Dylan Brady's Tourette Syndrome Advocacy Leads to Rascal Flatts' Joe Don Rooney Co-Producing Single 'Over Us'

Dylan Brady just released his debut single, "Over You," from an upcoming new album. Brady, who moved to Nashville on his own, from his native New York when he was just 17 years old, has had to work hard, like any rising star, to have his music heard. But unlike most other artists, Brady has had to overcome a potentially debilitating disease, Tourette Syndrome, which he takes in stride.

"I never heard of Tourette's until I was around 12," Brady told PopCulture.com. "I had moved schools and I met my best friend to this day, Danny, who is back home. And all of a sudden, I was at school, and I was noticing he was going like this (moves his head) and [going] 'hmm,' like doing that. I just didn't know what he was doing, had never heard of Tourrette's. I just asked him what he was doing, and he's like, 'Oh I have Tourrette's.'

"He explained it, and it was like a light bulb, it just went off," he continued. "My entire life, I was always saying 'Sorry,' just randomly hitting my hands together, and moving ... we never knew what it was."

Brady went to a neurologist and received an official diagnosis of Tourrette Syndrome when he was 13 years old. The condition might be devastating for some, but even as an adolescent, Brady looked for the silver lining.

"Immediately I just wanted to find the good in it," Brady said. "It is something that I'm very grateful, first off, that it's not very outward and it doesn't totally affect me every day. It does in certain ways, internally and I feel that no one else really notices it. But I wanted to find something. I wanted to take advantage of what I had. And I wanted to find an opportunity within the difference I had."

It was his Tourette's diagnosis that led him to get a huge boost in his career from one of his favorite singers, after Brady started speaking at schools and camps about celebrating differences in people, whatever they might be.

"My favorite band ever, ever, ever, ever is Rascal Flatts, since I was 2 years old," Brady recalled. "I'm from Long Island, New York so no one would listen to it but me, but it was Flatts, Dixie Chicks, Tim McGraw, Collin Raye, and Flatts hands down are my favorite. I ended up meeting Joe Don Rooney from Rascal Flatts two years ago. I do a lot of work with Zac Brown Band. Zac has a camp for kids with disabilities called Camp Southern Ground.

Zac Brown saw Brady on the Disney Channel, and invited him to not only perform at the camp, but also to the event where he met Rooney.

"I wasn't supposed to play that night, and they made me play two songs," Brady recounted. "Joe Don was to play after me, but he was supposed to be the only one playing, and they made me play two songs before him. He's filming me and I'm like, my throat's closing up ... And then, I was walking off stage and he was just like, 'Hey, can I borrow your guitar?'"

Rooney ended up inviting Brady to sing the trio's hit, "Life Is a Highway," which unexpectedly kicked off a friendship between the two.

"He gave me his number," said Brady. "I gave him mine. He said, 'Let's work on something," and I didn't think anything. Obviously, I thought he was just being nice. He's in Rascal Flatts, the most awarded country band in history, my legit idols, the reason I play country music. I didn't think it was going to be anything more than him being nice, and two days later, he started texting me asking me if I have management, if I'm with a label, if I'm working on anything.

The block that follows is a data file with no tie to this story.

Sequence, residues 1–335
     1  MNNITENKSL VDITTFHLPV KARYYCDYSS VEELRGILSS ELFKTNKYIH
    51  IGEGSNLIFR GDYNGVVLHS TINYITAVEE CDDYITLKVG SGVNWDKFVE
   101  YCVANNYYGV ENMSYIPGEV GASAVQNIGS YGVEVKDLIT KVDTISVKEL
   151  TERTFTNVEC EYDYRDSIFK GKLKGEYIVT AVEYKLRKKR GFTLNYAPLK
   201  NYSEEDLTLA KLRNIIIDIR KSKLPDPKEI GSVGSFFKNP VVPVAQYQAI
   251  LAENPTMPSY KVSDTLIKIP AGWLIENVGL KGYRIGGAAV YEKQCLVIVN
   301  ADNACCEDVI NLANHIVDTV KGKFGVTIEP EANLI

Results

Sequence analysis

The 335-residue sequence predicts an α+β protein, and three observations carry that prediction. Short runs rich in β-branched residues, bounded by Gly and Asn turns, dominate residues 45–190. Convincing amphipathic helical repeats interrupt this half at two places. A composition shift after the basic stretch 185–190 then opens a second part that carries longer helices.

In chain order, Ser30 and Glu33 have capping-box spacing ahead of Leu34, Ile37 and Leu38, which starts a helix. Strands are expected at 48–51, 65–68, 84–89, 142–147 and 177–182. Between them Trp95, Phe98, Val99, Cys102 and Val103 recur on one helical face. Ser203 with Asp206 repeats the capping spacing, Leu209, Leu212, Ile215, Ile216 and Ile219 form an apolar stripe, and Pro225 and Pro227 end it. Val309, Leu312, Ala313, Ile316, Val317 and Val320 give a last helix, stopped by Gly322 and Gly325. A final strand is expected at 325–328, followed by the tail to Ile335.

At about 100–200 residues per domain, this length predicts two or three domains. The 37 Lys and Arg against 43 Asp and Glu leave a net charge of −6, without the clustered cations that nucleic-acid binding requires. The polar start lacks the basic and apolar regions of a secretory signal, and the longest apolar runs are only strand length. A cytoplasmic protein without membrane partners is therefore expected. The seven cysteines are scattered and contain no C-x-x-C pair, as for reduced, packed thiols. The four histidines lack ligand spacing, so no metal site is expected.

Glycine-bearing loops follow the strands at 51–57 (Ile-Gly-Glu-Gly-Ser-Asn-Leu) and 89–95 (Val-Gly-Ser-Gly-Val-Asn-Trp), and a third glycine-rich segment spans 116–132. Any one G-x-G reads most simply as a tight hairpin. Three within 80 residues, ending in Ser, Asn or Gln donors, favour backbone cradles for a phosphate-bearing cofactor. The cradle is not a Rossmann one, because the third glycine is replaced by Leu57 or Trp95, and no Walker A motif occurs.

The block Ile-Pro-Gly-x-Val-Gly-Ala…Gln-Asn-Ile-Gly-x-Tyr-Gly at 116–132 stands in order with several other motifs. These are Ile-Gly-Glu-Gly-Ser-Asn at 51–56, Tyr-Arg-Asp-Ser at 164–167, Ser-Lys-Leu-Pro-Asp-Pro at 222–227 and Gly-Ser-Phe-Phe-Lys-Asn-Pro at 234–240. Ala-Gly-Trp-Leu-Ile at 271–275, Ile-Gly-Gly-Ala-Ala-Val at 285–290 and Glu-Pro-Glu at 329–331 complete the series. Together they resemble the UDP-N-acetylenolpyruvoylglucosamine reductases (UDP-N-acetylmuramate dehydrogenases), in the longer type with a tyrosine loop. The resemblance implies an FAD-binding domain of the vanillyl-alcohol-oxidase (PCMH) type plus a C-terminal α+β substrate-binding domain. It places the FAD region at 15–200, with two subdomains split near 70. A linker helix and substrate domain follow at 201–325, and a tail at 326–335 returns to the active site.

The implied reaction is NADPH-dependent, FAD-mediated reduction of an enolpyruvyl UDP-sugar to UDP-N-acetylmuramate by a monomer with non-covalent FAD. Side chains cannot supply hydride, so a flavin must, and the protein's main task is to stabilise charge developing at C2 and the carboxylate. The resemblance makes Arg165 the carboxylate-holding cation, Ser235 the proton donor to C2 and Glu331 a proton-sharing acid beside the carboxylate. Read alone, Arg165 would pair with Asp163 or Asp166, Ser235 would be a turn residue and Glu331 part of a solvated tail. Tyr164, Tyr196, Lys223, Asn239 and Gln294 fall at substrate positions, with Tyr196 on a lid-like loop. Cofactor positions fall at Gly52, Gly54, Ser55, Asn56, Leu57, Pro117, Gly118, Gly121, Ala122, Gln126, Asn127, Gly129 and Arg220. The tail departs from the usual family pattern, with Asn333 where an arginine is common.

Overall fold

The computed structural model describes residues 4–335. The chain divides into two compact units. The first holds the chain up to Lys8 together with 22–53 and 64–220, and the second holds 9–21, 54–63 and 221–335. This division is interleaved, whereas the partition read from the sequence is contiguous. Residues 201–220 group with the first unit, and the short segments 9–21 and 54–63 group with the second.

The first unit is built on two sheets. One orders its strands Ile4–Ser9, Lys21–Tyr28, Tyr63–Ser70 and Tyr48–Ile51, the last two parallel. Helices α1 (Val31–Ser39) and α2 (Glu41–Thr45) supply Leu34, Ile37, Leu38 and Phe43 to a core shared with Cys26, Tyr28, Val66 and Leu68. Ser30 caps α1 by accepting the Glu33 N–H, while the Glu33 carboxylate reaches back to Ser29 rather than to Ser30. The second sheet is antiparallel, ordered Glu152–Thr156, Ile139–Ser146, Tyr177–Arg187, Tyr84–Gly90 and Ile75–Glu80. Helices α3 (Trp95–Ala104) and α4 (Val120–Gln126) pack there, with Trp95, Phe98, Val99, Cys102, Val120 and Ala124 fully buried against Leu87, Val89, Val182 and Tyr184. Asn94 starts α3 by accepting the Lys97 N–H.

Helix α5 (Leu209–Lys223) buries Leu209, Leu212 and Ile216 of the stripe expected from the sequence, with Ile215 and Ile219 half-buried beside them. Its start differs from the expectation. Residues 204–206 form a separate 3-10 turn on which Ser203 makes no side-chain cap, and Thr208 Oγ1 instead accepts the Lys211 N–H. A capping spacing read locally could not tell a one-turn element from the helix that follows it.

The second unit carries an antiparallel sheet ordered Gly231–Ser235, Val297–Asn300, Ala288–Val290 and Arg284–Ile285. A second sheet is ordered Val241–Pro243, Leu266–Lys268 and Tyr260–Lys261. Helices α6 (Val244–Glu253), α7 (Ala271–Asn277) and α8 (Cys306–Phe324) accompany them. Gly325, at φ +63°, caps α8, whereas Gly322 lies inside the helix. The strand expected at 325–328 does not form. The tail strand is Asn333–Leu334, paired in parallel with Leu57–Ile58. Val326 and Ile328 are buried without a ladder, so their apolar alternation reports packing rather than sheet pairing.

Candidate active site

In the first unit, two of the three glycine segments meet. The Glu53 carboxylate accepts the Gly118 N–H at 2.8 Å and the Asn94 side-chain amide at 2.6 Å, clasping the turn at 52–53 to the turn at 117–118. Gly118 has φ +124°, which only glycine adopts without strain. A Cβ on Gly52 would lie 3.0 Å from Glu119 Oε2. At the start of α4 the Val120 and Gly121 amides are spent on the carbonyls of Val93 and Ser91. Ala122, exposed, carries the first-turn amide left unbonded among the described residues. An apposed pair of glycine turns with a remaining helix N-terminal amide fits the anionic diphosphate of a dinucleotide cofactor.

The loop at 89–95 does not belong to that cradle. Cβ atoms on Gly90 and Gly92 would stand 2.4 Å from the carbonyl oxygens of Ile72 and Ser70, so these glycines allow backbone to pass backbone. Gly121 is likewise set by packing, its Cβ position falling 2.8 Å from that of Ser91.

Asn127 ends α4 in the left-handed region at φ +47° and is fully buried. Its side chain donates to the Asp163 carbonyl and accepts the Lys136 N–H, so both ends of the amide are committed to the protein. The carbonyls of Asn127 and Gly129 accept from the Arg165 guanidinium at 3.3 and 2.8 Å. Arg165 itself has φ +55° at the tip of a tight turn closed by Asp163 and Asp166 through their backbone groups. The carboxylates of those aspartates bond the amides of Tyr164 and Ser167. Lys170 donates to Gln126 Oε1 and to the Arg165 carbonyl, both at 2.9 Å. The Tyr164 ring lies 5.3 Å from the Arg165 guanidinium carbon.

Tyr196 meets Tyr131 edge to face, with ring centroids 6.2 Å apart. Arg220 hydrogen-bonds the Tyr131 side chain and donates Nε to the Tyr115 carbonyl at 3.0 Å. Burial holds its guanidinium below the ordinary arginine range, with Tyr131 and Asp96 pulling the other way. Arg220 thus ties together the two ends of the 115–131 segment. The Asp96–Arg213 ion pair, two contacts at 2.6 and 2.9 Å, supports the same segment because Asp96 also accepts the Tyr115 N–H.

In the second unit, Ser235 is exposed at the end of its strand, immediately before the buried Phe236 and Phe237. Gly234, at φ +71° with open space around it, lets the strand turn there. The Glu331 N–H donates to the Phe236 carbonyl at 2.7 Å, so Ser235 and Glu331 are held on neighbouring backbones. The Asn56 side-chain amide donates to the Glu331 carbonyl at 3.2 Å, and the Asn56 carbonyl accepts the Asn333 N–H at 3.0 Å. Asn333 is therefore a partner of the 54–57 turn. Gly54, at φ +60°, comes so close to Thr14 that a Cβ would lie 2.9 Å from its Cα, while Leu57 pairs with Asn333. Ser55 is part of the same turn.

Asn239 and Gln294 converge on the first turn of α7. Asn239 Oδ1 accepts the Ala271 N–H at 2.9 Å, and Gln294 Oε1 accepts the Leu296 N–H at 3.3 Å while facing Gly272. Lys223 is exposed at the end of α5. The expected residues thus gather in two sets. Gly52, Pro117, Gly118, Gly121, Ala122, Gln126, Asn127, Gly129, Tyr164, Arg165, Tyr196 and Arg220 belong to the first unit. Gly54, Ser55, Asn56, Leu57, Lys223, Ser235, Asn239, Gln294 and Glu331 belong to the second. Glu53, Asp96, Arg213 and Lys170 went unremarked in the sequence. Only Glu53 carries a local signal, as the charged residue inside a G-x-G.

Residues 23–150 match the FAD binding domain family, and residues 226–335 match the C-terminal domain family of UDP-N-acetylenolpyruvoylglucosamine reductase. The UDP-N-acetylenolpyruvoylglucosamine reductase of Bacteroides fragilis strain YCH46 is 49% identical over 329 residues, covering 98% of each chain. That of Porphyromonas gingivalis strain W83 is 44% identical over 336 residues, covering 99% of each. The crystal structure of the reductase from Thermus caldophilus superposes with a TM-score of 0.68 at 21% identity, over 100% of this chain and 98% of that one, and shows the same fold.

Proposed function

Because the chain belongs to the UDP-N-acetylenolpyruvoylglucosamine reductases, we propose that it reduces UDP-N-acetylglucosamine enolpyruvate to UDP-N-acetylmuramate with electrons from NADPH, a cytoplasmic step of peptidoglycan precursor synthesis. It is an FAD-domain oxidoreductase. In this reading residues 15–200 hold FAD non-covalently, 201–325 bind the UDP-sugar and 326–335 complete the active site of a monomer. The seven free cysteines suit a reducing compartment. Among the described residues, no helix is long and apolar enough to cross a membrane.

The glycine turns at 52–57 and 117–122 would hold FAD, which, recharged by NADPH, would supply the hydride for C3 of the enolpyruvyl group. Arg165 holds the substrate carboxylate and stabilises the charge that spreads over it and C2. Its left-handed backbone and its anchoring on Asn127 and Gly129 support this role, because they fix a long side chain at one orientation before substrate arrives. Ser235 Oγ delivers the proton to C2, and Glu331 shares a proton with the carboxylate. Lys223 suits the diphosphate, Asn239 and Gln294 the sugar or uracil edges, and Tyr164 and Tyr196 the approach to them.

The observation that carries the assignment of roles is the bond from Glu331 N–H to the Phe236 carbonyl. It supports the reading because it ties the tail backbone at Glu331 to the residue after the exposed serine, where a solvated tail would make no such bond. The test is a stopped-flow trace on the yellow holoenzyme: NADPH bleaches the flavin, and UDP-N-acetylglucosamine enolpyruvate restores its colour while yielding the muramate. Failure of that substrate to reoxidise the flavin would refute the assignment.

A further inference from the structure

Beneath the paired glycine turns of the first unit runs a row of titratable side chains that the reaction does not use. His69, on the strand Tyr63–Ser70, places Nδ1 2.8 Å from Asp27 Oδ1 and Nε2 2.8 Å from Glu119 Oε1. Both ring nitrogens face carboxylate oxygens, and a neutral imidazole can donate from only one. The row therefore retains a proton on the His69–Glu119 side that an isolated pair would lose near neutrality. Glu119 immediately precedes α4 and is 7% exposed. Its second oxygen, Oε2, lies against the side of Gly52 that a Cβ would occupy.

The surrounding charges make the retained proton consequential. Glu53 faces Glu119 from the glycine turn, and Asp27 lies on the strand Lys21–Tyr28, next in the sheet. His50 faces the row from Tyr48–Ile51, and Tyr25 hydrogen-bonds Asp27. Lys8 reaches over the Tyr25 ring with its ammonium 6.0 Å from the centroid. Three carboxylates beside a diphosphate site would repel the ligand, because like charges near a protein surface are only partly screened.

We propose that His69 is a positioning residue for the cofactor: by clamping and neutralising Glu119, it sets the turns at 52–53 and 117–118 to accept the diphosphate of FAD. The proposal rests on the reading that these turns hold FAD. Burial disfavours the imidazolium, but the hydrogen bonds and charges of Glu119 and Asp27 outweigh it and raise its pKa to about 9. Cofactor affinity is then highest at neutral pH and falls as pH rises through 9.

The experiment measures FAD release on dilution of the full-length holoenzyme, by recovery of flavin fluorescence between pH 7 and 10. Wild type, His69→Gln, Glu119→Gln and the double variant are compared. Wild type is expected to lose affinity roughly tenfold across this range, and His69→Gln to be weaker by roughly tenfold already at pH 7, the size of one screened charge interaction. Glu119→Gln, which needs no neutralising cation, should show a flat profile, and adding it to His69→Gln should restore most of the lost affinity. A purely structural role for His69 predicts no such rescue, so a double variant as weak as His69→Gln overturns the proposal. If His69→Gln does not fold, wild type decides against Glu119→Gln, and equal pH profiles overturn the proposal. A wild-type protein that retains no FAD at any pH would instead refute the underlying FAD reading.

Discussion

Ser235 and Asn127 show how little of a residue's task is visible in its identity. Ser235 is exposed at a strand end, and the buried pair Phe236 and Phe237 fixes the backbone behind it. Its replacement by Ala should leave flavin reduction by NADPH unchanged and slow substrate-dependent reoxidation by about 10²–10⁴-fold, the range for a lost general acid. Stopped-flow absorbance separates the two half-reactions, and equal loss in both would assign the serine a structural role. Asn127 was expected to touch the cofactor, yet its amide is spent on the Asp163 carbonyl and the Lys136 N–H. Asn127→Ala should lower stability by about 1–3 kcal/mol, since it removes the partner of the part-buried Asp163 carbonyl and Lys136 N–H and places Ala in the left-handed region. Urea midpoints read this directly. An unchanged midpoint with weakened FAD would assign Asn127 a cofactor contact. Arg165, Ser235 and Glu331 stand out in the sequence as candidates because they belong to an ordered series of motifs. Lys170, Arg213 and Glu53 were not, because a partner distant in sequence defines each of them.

"We co-produced a solo together way back," he added. "I signed an artist development deal with him and he co-produced this record with Andy Sheridan and myself and him."

Not only is Rooney championing Brady's career, but they have stayed close, even when not working on music.

"He's also become one of my best friends and it's really, really, cool," Brady said. "I go to his daughter's basketball games, and her plays, and I hang out with the family. We're at his pool house until three in the morning just hanging out, listening to songs. It's really full circle; it's like we're best friends and we're boys and now all of a sudden, I look on his wall and I see 15 million records sold. I'm like, 'What is going on right now?'"

"He's just been a huge champion," Brady remarked. "Walking in doors and having his name with it and his belief and his support and everything just, it's just really cool.

Brady may not need Rooney's help in promoting "Over You," which is already becoming an early hit at radio. The song was inspired by a girl he loved, who moved to California.

"I've written hundreds of songs about her," Brady admitted. "Pretty much the whole EP is about her. 'Over Us' was pretty much the start of all those songs if that makes any sense. And not all – each moment didn't have to be a real moment, but all the feelings were there and hopefully people can connect with it 'cause I do. I mean, every time I listen to it, I feel it and when I wrote it, I felt it and I'm really excited about it."

Brady doesn't have a timeline for his new EP, but says all six songs are already completed.

"All I've ever loved is music and that girl," conceded the singer. "But my entire life, I've wanted to find what is Dylan and find something that's different and what makes me stand out 'cause obviously, I love country music. I love pop music, but an artist is somebody who differentiates himself. And so, I think I found this thing in this music that really makes it different and it still has its country root and has its pop side elements to it and feel like it's really Dylan. So, I'm really excited for people to hear it."


Listen to more of Brady's music and download "Over You" on Brady's website.

Photo Credit: Courtesy of EB Media/Dawson Waters